Science fiction and fantasy                                            


by M. John Harrison


Light isn't the most accessible of novels. M. John Harrison doesn't talk down to his audience, and he isn't afraid to confuse people, telling a story that follows the lives of characters separated by 400 years and in extremely different circumstances.

Michael Kearney is a scientist working on some groundbreaking discoveries in quantum physics. We don't actually see him doing a lot of research during this novel, so an understanding of this difficult branch of science is thankfully not necessary. Kearney is instead preoccupied with his fragmented personal life, with dice, and with his desperate attempts to flee an entity which has been stalking him for years. He doesn't know why the creature known as the Shrander is after him, but he fears the worst and is prepared to go to extremes not to have to find out.

Another thread of the narrative is set in 2400, when humans have reached the stars and begun to interact with alien cultures, and in some cases to go to war with them. Seria Mau is the pilot of the White Cat, and in some ways she seems to almost be her ship, so closely is she integrated into its systems. Her body has been altered so that she interacts directly with it. On first impressions she seems like a nasty piece of work, a mercenary who ruthlessly kills her own people, unreliable and petulant. And if those weren't character flaws enough, she's also a wanted woman.

Light is an odd novel, and always a little under-explained. The weirdness doesn't let up after we are introduced to the main characters and their lives. Instead it intensifies throughout. Light requires more effort to get into than most books, and it's not always clear whether this will pay off. The characters, for instance, are a mixture of neurotics, psychopaths and feckless drifters, none of whom come across as immediately likeable.

One of the main protagonists is Ed Chianese, the "twink", which is to say a kind of futuristic junkie. A former thrill-seeker and adventurer, he has been living his life in some sort of virtual-reality tank. But his debts are due, and various violent thugs are keen to collect. Light features a lot of almost casual violence, dealt out as though life is cheaper than ever. It's a very masculine novel, with plenty of action and an unromantic take on sex and relationships. Sex is frequently presented as nothing more than a practical thing that people need to do, like eating and sleeping. Yet that's not to say that this is an insensitive book: Harrison has a way of capturing the insecurities of his characters and conveying their inner turmoil through the briefest of gestures and through brilliantly understated dialogue.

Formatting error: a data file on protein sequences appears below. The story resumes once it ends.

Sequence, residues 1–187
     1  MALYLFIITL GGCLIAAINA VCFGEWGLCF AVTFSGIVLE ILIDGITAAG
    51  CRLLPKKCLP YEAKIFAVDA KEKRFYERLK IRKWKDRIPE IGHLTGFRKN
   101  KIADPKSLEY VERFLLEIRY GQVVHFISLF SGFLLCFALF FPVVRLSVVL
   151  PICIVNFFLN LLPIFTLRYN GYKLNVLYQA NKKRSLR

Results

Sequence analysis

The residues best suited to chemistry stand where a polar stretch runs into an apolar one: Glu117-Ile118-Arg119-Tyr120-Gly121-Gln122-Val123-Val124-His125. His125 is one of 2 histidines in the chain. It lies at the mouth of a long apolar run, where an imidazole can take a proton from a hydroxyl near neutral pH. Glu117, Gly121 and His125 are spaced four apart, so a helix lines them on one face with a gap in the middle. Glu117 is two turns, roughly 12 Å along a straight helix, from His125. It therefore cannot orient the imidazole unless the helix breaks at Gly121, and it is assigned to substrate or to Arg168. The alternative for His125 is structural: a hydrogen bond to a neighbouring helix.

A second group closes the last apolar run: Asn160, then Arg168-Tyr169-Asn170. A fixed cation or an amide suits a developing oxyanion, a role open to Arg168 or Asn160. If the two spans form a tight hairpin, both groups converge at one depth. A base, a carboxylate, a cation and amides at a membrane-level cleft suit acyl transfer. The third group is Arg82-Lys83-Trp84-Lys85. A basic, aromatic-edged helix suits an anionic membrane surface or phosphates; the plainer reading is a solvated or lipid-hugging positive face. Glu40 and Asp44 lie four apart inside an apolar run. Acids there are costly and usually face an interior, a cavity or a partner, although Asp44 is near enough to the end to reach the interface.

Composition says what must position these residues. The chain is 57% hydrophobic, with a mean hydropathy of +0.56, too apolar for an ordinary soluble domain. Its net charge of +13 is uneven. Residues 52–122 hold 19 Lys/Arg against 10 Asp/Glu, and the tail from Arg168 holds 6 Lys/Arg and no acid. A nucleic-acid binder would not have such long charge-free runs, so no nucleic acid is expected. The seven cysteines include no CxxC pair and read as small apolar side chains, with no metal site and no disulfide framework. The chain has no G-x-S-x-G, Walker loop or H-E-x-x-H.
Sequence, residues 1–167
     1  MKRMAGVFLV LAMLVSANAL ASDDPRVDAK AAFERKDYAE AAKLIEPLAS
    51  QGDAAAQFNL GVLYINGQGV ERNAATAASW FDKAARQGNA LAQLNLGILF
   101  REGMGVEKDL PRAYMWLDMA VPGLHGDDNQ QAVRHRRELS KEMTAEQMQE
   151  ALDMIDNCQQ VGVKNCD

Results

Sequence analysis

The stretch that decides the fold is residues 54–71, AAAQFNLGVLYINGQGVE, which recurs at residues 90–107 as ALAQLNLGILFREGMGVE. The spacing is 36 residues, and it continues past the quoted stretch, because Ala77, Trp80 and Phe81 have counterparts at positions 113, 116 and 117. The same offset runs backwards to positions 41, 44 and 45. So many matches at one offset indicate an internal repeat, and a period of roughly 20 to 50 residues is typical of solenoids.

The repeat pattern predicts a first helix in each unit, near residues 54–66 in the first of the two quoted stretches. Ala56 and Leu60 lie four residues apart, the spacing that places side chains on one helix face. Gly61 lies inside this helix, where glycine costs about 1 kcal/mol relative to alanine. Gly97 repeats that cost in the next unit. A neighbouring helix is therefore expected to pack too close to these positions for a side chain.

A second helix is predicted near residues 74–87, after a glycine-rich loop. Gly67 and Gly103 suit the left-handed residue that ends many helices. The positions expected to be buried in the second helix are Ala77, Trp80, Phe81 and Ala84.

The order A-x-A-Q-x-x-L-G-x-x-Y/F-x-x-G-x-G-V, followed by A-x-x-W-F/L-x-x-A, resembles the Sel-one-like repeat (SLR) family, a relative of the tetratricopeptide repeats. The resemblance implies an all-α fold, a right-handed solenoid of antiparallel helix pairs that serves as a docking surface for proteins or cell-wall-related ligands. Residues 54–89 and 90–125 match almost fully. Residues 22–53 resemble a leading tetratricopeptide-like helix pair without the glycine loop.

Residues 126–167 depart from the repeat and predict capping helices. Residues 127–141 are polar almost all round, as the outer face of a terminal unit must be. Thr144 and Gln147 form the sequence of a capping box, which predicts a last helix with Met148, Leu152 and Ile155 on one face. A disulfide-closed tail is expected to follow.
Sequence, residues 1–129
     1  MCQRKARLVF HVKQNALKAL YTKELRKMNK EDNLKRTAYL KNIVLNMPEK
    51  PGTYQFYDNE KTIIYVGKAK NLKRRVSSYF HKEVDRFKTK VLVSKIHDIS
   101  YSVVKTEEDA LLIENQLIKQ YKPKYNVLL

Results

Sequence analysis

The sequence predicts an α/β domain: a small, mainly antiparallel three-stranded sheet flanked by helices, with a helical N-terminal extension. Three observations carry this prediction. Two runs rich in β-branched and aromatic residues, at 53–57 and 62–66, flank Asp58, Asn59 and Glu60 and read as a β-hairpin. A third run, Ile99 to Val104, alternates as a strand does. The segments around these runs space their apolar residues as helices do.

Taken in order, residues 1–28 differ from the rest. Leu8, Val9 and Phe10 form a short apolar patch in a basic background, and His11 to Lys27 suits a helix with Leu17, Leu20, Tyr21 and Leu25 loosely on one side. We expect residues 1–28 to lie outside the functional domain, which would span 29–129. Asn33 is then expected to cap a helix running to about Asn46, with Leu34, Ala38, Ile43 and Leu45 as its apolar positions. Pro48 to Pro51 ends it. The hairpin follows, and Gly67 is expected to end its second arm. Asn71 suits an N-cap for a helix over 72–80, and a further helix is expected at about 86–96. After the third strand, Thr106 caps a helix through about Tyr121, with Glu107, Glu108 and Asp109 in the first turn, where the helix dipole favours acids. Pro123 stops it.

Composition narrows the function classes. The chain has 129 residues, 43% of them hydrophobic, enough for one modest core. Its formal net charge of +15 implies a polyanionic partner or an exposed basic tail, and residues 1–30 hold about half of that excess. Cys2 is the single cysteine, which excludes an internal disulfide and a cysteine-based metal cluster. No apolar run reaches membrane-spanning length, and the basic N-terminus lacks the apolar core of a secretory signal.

This novel is rather unpredictable, and it's not very easy to see how the three main narrative strands are connected with each other until quite late on. The ending, whilst it does succeed in tying a lot of things together, may still leave readers feeling disconcerted. The characters, although they are original enough to be interesting, are always a little hard to warm to. Light is a novel with the exotic details and high adrenaline levels of escapist space opera, but it doesn't have enough humanity to make it truly enjoyable in that sense. So it relies a good deal on its ideas to make it compelling. Its view of the future is pleasingly quirky, but not radical. Since it touches only briefly on the details of the kind of physics Kearney is supposed to be researching, this might as well be science fantasy. It's an unconventional novel which will appeal to readers who enjoy bizarre science fiction that's a little more challenging than the norm.

Book Details

Year: 2002

Categories: Books

  Science fiction

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3 star rating

Review © Ros Jackson